Federal judge blocks social media censorship bill
TALLAHASSEE, Fla. (CAPITOL NEWS SERVICE) - A federal judge blocked Florida’s new law that takes aim at big tech just hours before it would have gone into effect.
The 57-page ruling essentially found every part of the law likely violated the First Amendment.
Social media companies would have been subjected to new transparency and content moderation restrictions and could have faced civil suits and daily fines for violations under the law.
The judge said all of those requirements likely violated social media companies’ First Amendment right to curate their platforms.
“This ruling was great, not only for social media platforms, but for Florida citizens who don’t have to be subjected to a host of lawful, but awful content,” NetChoice Vice President Carl Szabo said.
Governor Ron DeSantis told us last week an initial defeat was expected. He anticipates a lengthy court battle.
“It will be appealed either way. Whatever that disposition is, one that will either vindicate what we did or potentially give us a road map. And say, okay if you don’t like what we did, what would we need to do to tweak it?” DeSantis said.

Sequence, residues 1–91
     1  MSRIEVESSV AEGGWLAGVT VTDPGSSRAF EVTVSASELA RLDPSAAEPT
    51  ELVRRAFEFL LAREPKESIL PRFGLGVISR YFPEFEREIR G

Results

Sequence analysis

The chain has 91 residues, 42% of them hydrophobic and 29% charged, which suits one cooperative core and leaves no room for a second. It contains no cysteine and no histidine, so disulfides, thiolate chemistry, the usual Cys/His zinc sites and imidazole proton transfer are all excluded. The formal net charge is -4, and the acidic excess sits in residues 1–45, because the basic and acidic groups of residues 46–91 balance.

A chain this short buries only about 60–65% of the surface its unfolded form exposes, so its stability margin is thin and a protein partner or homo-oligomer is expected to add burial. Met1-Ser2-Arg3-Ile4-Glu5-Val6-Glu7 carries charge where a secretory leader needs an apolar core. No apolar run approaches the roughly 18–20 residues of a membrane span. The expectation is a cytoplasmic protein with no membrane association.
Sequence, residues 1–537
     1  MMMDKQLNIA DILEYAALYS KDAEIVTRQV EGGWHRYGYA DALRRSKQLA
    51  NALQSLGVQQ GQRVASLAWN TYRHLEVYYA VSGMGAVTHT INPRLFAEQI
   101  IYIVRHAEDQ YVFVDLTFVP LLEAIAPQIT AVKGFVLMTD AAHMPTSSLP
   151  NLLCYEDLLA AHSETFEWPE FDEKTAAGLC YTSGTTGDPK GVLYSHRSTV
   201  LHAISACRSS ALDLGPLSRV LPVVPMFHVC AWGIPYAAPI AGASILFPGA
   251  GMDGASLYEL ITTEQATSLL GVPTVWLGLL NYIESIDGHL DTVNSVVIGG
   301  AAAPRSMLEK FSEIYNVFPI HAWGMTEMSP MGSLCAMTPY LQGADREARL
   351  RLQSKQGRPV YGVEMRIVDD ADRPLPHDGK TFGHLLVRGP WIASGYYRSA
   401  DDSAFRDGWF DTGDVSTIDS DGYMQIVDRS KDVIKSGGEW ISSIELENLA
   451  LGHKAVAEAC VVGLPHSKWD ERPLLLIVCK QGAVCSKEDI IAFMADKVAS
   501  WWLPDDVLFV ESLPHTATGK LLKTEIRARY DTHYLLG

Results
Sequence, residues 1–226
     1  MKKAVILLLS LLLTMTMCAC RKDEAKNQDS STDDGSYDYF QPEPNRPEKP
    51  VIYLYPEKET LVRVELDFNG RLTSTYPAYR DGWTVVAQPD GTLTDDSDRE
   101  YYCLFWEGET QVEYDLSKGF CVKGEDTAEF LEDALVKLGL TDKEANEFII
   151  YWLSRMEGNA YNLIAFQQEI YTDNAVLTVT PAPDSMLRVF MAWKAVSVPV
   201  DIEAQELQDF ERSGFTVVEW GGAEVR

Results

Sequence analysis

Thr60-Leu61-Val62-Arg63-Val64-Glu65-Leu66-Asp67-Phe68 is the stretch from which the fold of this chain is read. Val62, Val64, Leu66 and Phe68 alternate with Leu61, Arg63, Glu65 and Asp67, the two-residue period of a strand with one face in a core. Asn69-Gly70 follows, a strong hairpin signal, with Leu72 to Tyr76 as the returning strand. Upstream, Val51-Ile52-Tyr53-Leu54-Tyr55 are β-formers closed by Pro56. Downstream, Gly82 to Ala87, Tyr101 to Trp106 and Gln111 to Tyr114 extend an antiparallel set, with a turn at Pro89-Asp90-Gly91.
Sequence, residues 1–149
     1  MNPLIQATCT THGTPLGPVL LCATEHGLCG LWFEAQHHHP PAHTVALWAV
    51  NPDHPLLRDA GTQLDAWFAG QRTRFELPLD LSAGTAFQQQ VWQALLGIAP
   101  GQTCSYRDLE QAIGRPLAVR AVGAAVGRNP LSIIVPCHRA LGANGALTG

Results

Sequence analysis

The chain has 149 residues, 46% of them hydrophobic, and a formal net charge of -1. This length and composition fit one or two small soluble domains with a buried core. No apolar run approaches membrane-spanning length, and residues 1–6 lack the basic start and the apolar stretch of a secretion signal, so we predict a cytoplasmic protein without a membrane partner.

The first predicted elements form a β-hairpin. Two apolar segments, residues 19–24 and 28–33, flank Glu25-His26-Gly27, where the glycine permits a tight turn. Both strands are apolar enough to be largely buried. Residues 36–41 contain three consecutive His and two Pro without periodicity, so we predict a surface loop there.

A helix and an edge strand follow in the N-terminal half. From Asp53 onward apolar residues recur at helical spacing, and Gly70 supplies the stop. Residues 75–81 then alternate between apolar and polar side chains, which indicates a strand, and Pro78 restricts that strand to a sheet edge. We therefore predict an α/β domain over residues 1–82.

But in this ruling at least, the judge provided little guidance for legislators to learn from, declaring not only did the entire law likely violate the constitution but that the goal of law did not serve the public interest.
“The court’s ruling makes clear that trying to force private sector actors to be more fair in what speech they permit or do not permit in their forums is simply not a legitimate government purpose,” Matt Schruers, the President of the Computer and Communications Industry Association, said.
In a statement, the Governor’s office said it was disappointed in the ruling and plans to immediately appeal the decision.
“Governor DeSantis continues to fight for freedom of speech and against Big Tech’s discriminatory censorship,” DeSantis Press Secretary Christina Pushaw said.
The case is now expected to head to the 11th Circuit Court of Appeals in Atlanta. From there, the Governor has speculated the fate of the law will ultimately lie in the hands of the U.S. Supreme Court.
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